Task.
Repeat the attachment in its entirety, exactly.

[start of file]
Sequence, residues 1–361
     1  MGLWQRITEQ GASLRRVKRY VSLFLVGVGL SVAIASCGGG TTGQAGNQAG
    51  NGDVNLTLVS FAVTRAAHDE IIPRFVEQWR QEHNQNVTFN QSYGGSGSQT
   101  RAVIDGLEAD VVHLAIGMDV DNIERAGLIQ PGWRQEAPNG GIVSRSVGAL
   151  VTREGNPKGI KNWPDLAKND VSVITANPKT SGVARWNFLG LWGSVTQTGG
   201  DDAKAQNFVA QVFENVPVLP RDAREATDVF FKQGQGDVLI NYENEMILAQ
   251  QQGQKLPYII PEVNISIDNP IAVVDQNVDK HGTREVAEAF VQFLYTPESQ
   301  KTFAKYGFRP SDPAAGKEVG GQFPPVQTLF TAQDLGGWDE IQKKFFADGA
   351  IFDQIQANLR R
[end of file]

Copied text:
Sequence, residues 1–361
     1  MGLWQRITEQ GASLRRVKRY VSLFLVGVGL SVAIASCGGG TTGQAGNQAG
    51  NGDVNLTLVS FAVTRAAHDE IIPRFVEQWR QEHNQNVTFN QSYGGSGSQT
   101  RAVIDGLEAD VVHLAIGMDV DNIERAGLIQ PGWRQEAPNG GIVSRSVGAL
   151  VTREGNPKGI KNWPDLAKND VSVITANPKT SGVARWNFLG LWGSVTQTGG
   201  DDAKAQNFVA QVFENVPVLP RDAREATDVF FKQGQGDVLI NYENEMILAQ
   251  QQGQKLPYII PEVNISIDNP IAVVDQNVDK HGTREVAEAF VQFLYTPESQ
   301  KTFAKYGFRP SDPAAGKEVG GQFPPVQTLF TAQDLGGWDE IQKKFFADGA
   351  IFDQIQANLR R